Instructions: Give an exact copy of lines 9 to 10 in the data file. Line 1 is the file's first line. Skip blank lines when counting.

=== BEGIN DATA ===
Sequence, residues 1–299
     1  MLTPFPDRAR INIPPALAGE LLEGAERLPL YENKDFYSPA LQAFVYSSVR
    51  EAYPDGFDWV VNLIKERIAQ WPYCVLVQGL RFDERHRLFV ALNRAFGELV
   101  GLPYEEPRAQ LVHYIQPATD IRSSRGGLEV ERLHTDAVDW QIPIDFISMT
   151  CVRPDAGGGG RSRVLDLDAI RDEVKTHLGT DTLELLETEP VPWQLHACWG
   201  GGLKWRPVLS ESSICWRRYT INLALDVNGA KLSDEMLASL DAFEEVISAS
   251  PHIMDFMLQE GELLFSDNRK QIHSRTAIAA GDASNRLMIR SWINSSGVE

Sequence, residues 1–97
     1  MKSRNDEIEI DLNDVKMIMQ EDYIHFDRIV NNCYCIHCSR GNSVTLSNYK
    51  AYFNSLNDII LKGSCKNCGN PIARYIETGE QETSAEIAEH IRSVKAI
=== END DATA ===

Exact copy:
     1  MKSRNDEIEI DLNDVKMIMQ EDYIHFDRIV NNCYCIHCSR GNSVTLSNYK
    51  AYFNSLNDII LKGSCKNCGN PIARYIETGE QETSAEIAEH IRSVKAI